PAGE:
A historical study of the Democratic National Convention of 1928 held in Houston, Texas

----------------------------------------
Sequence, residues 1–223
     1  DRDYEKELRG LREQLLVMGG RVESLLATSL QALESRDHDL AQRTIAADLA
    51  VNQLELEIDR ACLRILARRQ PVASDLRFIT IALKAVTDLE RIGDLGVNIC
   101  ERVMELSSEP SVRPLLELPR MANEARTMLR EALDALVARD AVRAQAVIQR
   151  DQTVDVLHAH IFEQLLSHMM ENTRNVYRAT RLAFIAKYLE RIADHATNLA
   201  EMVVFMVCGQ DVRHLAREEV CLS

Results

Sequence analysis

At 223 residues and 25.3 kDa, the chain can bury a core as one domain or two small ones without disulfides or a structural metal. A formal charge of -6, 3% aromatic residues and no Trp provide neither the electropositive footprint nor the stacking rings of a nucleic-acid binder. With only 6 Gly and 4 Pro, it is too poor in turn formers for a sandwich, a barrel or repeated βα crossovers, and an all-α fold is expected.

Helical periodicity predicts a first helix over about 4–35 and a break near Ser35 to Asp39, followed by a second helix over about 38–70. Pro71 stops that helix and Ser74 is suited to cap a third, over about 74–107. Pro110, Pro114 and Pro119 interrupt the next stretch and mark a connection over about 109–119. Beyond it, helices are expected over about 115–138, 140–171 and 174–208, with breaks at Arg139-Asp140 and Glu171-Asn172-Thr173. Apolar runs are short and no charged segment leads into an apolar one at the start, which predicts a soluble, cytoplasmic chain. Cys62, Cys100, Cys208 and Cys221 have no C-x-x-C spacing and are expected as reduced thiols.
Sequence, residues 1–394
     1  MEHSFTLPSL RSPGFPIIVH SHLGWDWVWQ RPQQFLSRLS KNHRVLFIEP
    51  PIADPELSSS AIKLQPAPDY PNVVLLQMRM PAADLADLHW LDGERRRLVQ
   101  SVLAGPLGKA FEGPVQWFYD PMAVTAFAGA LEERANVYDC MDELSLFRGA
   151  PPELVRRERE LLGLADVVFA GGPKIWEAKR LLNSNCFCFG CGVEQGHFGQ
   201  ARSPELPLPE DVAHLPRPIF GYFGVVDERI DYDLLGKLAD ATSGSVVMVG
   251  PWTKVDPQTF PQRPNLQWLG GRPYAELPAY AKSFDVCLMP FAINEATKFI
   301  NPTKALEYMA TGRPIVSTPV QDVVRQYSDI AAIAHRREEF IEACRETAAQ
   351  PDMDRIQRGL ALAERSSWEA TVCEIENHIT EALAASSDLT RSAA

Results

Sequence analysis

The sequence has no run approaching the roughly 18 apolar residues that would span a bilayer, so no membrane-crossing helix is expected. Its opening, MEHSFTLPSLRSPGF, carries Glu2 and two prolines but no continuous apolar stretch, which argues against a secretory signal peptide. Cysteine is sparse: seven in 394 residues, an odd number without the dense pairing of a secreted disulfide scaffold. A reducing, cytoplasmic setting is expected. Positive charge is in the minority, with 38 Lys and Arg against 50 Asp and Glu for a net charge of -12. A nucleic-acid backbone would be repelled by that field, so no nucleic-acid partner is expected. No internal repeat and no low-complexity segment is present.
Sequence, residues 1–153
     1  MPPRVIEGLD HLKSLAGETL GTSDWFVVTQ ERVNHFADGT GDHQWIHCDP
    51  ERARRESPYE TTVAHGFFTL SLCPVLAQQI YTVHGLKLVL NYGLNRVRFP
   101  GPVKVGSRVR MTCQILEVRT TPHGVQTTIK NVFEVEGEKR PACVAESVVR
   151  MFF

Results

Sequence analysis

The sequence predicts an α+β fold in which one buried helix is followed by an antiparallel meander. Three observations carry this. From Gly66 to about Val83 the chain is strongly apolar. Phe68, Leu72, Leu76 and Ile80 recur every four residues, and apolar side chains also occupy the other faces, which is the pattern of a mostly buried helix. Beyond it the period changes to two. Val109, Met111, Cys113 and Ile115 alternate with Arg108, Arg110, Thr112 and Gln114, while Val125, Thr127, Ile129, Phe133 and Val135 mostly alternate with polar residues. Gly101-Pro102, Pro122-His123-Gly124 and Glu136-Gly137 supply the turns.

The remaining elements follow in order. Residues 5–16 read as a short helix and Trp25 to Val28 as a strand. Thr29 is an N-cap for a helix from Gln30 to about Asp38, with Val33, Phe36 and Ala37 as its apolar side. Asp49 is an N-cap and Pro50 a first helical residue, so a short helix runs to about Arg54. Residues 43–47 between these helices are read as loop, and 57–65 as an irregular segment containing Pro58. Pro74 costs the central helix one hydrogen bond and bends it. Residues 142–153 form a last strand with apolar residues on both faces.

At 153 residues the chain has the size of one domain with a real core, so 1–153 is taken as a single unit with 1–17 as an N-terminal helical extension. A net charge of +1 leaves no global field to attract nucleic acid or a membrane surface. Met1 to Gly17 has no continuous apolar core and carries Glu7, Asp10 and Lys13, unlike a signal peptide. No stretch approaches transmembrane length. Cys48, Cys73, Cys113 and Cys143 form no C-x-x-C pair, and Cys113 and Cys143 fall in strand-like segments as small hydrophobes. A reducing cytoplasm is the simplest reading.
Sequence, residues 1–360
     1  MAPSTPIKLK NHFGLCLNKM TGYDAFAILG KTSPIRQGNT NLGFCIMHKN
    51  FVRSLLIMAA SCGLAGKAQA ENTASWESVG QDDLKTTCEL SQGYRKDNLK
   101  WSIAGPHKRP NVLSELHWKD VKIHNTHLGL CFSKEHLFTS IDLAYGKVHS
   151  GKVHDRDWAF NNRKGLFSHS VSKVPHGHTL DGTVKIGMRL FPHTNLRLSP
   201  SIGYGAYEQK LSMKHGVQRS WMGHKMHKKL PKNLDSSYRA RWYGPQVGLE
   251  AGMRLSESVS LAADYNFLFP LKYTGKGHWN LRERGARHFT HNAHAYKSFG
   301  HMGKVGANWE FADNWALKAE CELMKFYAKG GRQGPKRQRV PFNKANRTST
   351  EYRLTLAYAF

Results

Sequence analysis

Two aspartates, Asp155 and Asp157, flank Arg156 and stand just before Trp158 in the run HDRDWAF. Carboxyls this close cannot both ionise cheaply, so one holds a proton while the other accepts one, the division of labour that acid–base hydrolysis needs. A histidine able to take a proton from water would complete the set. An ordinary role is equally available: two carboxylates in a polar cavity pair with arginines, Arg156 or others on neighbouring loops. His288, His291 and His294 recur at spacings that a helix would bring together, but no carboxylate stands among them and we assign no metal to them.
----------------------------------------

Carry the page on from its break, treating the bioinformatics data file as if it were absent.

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It was the purpose of this study to bring together for the first time the story of how the Democratic Convention of 1928 was brought to Houston; how that convention, including the events leading up to it, took place; and how those events and the subsequent issues raised, were reflected in the platform of the party. The actions described are important both as a local event, in Houston, and as a national event. Some writers have been inclined to interpret these events of 1928 as a test of religious toleration in the United States, but the facts refute this interpretation. Although it is true that there was more than one issue involved in the convention and the subsequent campaign and election, the dominant factor was a question of prohibition, not a question of religion. The history of the development of the question of prohibition and its injection into the convention of 1928 is traced in chapter II. Chapter I relates the events that led to choosing Houston as the convention site, and the events that took place in Houston when it was learned that this city had been chosen. Chapter II traces the efforts of the various leading candidates within the party as they struggled for control of the votes that would make them the nominees of the party. Chapter III relates the happenings of the convention, and Chapter IV concludes the thesis with a discussion of the platform adopted by the convention, of the issues involved at the convention, and of the effect of the convention on Houston. Throughout the thesis short political biographies of the leading candidates are included to give the reader an idea of the importance of these persons and their places in the party. Appendix A gives a short history of the site of the Sam Houston Hall, and Appendix B gives an accounting of the voting, person by person, for the city in which the convention would be held.